9. Tim Bradley may not fight at all this year. That's bad business.

8. Chavez said that if he beats Sebastian Zbik on Saturday, he wants a shot at Sergio Martinez. Promoter Lou DiBella once told me that he would bring Martinez down to Mexico to fight in Chavez's backyard and let him have his father, mother and aunt as judges. I think he can make that happen.

7. For some reason, I like Glen Johnson on Saturday in the semifinals of Showtime's Super Six Tournament. I'm just not sold on Carl Froch yet.

6. Floyd Mayweather and 50 Cent sure spend a lot of time hanging out together, don't they?

5. Paging Andre Dirrell ...

4. The most popular fighter in Atlantic City this weekend? That will be Zsolt Erdei, the Hungarian light heavyweight who has developed a nice following in the tri-state area. He will fight Byron Mitchell on Saturday.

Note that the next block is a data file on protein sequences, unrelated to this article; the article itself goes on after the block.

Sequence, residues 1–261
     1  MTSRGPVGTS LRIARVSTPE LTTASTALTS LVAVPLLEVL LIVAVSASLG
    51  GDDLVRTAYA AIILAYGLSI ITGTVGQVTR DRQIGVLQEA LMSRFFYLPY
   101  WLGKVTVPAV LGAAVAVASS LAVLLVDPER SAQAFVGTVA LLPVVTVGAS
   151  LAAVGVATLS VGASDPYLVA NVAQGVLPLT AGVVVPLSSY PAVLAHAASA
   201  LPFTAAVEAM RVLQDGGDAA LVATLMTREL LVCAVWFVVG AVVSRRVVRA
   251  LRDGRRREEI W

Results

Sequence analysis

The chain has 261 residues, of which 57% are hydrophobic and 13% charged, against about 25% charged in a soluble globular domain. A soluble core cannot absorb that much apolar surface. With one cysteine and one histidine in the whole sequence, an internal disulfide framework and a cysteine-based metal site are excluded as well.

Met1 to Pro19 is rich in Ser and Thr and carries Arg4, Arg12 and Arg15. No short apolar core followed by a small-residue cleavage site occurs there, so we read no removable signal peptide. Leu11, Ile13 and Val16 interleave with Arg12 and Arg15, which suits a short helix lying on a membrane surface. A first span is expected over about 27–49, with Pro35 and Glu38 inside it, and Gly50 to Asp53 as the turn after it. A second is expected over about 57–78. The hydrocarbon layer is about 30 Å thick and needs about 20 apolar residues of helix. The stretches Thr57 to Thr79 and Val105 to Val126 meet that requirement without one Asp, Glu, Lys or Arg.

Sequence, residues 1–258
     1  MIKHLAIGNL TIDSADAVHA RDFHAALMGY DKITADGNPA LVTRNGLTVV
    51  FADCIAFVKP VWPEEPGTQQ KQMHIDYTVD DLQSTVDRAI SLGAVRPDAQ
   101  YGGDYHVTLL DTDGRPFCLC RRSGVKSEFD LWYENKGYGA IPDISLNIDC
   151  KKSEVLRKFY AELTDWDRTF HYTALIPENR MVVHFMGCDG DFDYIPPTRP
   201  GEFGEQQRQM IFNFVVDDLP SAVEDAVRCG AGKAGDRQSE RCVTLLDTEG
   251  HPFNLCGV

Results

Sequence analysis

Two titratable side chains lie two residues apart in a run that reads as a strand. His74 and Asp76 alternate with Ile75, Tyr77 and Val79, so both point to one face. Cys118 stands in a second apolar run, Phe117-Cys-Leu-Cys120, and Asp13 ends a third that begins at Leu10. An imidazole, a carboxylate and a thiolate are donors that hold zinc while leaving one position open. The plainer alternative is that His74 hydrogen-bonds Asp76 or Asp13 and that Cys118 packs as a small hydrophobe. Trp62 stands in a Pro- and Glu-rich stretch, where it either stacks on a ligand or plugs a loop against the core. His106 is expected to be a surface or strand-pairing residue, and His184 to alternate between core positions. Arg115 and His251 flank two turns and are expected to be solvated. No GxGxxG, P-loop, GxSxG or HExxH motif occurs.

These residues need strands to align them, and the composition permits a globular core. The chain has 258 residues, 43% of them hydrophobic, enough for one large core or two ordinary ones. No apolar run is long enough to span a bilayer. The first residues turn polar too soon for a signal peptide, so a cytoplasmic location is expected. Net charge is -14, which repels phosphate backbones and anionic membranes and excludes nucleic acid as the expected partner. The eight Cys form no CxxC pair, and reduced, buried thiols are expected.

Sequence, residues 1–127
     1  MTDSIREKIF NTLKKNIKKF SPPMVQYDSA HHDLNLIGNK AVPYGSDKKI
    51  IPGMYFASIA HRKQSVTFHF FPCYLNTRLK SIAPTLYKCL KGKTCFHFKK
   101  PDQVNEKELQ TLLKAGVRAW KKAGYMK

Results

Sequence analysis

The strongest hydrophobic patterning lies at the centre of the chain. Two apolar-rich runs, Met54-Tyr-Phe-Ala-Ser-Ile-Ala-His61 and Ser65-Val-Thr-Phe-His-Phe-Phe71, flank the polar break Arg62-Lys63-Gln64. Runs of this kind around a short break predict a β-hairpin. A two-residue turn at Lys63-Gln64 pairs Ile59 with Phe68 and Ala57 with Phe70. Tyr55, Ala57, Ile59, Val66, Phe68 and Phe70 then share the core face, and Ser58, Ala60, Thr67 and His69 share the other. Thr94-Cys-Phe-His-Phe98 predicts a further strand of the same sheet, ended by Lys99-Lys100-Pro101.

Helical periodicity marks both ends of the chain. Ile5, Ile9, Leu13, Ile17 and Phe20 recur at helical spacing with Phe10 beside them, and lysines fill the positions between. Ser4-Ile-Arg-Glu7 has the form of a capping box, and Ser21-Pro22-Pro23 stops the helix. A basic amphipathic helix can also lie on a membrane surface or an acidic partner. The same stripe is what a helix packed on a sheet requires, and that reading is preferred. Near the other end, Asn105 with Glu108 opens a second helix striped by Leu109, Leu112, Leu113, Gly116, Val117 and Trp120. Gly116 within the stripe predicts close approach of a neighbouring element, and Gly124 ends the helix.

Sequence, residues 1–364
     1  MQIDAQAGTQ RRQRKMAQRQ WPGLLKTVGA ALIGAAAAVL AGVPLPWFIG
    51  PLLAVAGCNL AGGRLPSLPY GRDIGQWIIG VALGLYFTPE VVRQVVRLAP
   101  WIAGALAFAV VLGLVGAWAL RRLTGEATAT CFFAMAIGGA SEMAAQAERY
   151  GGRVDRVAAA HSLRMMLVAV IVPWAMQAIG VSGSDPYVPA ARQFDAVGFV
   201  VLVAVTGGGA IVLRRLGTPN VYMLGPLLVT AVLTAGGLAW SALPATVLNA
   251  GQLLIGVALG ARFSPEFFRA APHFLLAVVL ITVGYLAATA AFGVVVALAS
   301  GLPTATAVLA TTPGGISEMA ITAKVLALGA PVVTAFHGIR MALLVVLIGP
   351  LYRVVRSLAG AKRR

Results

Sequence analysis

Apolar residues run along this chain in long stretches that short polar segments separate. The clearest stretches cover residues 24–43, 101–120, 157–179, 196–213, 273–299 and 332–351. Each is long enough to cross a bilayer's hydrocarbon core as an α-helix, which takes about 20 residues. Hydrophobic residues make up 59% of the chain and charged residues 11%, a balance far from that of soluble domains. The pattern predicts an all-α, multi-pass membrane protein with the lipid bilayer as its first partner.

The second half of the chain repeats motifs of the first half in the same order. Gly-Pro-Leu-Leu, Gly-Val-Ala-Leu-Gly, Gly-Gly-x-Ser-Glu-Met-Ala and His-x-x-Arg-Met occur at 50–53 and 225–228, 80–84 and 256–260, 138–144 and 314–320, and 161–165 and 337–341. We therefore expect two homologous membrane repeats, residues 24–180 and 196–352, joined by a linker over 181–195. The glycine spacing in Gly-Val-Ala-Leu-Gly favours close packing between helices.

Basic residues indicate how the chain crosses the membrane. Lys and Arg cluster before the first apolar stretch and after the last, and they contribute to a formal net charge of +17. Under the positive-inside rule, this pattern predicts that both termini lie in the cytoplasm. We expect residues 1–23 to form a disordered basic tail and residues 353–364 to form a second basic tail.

3. Audley Harrison, who is coming off a lackluster, third-round knockout loss to Haye, has vowed to continue fighting "for his fans." Please, fans, introduce yourself.

2. Freddie Roach has said the reason he wants Pacquiao to fight Juan Manuel Marquez is to shut Marquez up. Roach may have to push for a Khan-Breidis Prescott fight soon for the same reasons.

1. Pavlik can make some noise at 168 pounds. But he is at least two shake-off-the-rust fights away from being ready to take on a top contender. He gets in the ring with Lucian Bute right now, and he's toast.